Our team at Wolf Paving was invited back in the Mr. Fix-It studios to answer listeners' questions related to asphalt and concrete repair, repaving and driveway construction. This program gives weekly advice on home improvements, repairs and do-it-yourself projects.
Jacob Mrugacz, President of Wolf Paving, and Matt Horness, an Estimator and Salesman at Wolf Paving, answered questions about asphalt and concrete care. You can listen to or read the interview below.
1. Call from Madison, WI “Question about porous asphalt: Is there upkeep and cleaning that would put a bigger price tag on porous in the long run compared to conventional asphalt?”
There is a little bit of a price increase. Porous asphalt is designed by an engineer, who has to determine how your soil samples are, what type of stone is going to be needed for that water to drain properly. It’s not your conventional asphalt where you just put down anywhere between 8 and 12 inches of your base whether it be crushed concrete or your limestone.
This is going to be engineered to say “Hey, we’re going to go 2 feet down with either clean stone and different aggregates and so on.” If a municipality or engineer is saying “Hey, we have to go with this type of material” there are some guidelines you do have to follow.
The biggest thing about porous asphalt is that it’s got bigger voids, or holes, in it to allow the water to drain through. Maintenance really depends on the traffic pattern and the weight and structure you’re putting on to it. The design is the biggest cost factor up front, then comes the maintenance and upkeep but that goes with any kind of pavement you’d get installed.
2. Call from Brookfield, WI “Is concrete stamping better for a patio than using pavers? What would you recommend with Wisconsin weather in mind?”
Whether you go with concrete stamping or with pavers, it all comes down to the installation itself. It all comes down to the base and how it’s prepped. Due to Mother Nature here in Wisconsin, you are gonna get the freeze and thaw cycles which will cause movement. It’s more of a preference, I will say going with a four-inch thick stamped concrete on top of an adequate base will hold up a little better.
3. Call from Powers Lake, WI “What’s an average cost for an apron to the road?”
It all depends on prep work and what type of materials you’re working with. How wet is the soil? Do we have to move or add stone? There are a million different factor that go into finding out the cost.
4. Call from West Bend, WI “Can I add a two-inch topper to my existing asphalt driveway or does it all need to be taken out?”
We’d need to get our eyes on it to be able to answer that question properly. If you have cracking or settling in your driveway, it might just come back over the new pavement if the problem lies in your base. It would be more of a temporary fix rather than a long-term solution.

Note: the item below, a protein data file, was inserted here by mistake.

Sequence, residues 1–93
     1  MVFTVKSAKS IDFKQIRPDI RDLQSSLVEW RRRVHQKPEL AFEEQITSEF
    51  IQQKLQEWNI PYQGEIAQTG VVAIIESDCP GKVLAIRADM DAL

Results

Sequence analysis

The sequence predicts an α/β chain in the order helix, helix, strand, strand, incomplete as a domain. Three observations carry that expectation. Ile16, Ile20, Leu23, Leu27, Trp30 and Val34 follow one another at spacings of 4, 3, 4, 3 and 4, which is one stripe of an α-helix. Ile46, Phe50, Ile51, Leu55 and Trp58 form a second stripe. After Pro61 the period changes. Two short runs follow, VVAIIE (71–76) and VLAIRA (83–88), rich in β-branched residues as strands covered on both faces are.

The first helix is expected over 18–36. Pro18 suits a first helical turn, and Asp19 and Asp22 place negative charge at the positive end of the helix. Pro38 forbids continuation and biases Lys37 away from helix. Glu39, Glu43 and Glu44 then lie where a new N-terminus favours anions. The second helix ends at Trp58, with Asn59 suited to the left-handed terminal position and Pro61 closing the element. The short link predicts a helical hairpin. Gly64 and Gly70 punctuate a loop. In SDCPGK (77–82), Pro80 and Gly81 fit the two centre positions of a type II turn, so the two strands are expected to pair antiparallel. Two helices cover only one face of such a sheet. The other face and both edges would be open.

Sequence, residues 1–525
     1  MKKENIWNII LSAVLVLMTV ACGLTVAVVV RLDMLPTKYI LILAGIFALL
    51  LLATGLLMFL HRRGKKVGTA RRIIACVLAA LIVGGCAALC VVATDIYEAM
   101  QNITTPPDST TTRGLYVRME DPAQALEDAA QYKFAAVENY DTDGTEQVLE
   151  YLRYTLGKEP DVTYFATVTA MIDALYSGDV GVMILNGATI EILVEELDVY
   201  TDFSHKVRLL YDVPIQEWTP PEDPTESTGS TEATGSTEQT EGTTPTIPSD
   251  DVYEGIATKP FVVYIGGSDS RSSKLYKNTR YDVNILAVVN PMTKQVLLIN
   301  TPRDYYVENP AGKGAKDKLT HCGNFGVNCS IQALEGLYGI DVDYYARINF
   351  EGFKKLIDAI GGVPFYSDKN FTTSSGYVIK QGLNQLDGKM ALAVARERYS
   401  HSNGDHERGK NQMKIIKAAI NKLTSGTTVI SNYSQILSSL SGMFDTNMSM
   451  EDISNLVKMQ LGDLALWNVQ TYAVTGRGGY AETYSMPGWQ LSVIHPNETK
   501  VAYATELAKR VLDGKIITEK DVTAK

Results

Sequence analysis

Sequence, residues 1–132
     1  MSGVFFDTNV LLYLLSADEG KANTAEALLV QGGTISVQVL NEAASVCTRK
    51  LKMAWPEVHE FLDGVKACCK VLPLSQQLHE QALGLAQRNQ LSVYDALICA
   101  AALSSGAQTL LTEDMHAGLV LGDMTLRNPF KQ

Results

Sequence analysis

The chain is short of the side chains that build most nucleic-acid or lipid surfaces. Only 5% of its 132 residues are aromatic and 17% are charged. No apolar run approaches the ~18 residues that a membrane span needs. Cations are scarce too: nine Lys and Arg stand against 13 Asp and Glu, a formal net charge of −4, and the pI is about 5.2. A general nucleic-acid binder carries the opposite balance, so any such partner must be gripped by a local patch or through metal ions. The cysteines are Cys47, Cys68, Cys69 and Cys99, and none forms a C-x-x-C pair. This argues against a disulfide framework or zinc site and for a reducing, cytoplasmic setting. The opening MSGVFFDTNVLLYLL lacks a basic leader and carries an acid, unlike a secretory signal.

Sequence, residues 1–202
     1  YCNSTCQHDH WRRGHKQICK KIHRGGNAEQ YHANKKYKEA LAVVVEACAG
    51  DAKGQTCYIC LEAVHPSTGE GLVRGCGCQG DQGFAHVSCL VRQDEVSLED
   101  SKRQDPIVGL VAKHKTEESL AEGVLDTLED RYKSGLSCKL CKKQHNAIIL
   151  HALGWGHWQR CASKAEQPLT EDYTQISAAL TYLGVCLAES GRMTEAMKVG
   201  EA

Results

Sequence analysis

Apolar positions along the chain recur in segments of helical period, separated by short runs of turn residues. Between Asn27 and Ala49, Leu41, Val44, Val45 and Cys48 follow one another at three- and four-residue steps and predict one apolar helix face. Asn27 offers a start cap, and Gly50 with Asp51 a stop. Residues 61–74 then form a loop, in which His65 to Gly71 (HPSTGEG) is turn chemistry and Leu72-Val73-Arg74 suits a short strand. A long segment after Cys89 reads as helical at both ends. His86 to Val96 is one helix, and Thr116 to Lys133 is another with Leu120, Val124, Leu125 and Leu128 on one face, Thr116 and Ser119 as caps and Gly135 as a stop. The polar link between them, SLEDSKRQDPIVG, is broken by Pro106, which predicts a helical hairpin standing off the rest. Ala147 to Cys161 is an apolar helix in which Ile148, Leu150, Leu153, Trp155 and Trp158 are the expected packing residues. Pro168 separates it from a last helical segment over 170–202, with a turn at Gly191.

5. Call from Plymouth, WI “What’s the life expectancy for an asphalt driveway?”
It all comes down to the base. An asphalt driveway with a good compact base should last anywhere from 20 to 30 years. Maintenance is a key element to long-life as well. You’re going to want to get your driveway sealcoated every 5 or 6 years, and when cracks appear get them filled right away.
6. Call from Sheboygan, WI “Is there an advantage to using rebar and fiberglass in a concrete driveway?”
The fiberglass itself is going to strengthen concrete. If you’re doing a four-inch pour the rebar is going to be a bit of overkill, I wouldn’t recommend the rebar just stick with the fiberglass.
7. Call from Belgium, WI “Our sealcoating is pulling up in sheets, it didn’t adhere to the pavement. How should we go about fixing that?”
It’s hard to say without getting a look at it. It sounds like it was a sealcoating that wasn’t mixed or designed properly from a chemistry standpoint.
Another element to consider is the preparation of the driveway. If it’s not swept and cleaned before the sealcoat goes on the parts that are clean will stick and the parts that are dirty will peel off. As for repair, we’d need to come out and take a look at it to get you an accurate answer.
8. Call from Fort Atkinson, WI “What’s the price comparison from concrete and blacktop per square foot?”
For projects on the smaller side sometimes concrete can actually be less expensive than asphalt, and for bigger projects often times asphalt is the better deal. The other major price factor is the quality of the base under the project surface.
9. Call from Oconomowoc, WI “I’ve got one-inch wide cracks in my driveway what’s the best way to fix that?”
The best way would be to saw cut them out, then pop them out and just put new asphalt in there. Another option would be to use a mastic, which is a crack filler with oils and larger stone, to fill it in. Normal crack fillers are likely to just sink in and not hold up.
Interested in more Wolf interviews with Mr. Fix-It?
- How To Fix Sinking Asphalt
- Tree Roots And How To Expand A Driveway
- Asphalt Recycling
- Damaged Asphalt Driveways To Recycling
- Water Pooling Near Culvert
- Driveways And Parking Lots
- How Do You Care For An Asphalt Driveway?
- Concrete Joint Issues and Covering A Concrete Driveway with Asphalt
- How Do You Replace Or Repair A Concrete Garage Surface?
With more than 75 years of asphalt paving experience, from highways to driveways, we are your local source for all of your asphalt and concrete paving needs. It’s never too early or too late to request a free paving estimate. For the Milwaukee area, call us at 262-965-2121. For the Madison area, call us at 608-249-7931.
For more information on Wolf Paving visit our Why Wolf? page to see what we can offer you.